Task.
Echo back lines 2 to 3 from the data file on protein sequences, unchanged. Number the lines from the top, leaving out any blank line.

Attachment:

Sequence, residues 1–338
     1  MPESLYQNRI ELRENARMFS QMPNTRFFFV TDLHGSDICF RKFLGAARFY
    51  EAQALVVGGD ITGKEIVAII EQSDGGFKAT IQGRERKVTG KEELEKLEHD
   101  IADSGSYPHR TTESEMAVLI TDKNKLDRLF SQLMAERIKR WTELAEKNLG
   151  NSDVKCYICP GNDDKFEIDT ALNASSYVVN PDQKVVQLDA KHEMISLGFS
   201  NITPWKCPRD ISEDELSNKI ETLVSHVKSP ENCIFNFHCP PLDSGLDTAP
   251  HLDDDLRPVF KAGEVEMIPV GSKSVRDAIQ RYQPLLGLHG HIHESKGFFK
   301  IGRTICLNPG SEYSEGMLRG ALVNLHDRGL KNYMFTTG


     1  MPESLYQNRI ELRENARMFS QMPNTRFFFV TDLHGSDICF RKFLGAARFY
    51  EAQALVVGGD ITGKEIVAII EQSDGGFKAT IQGRERKVTG KEELEKLEHD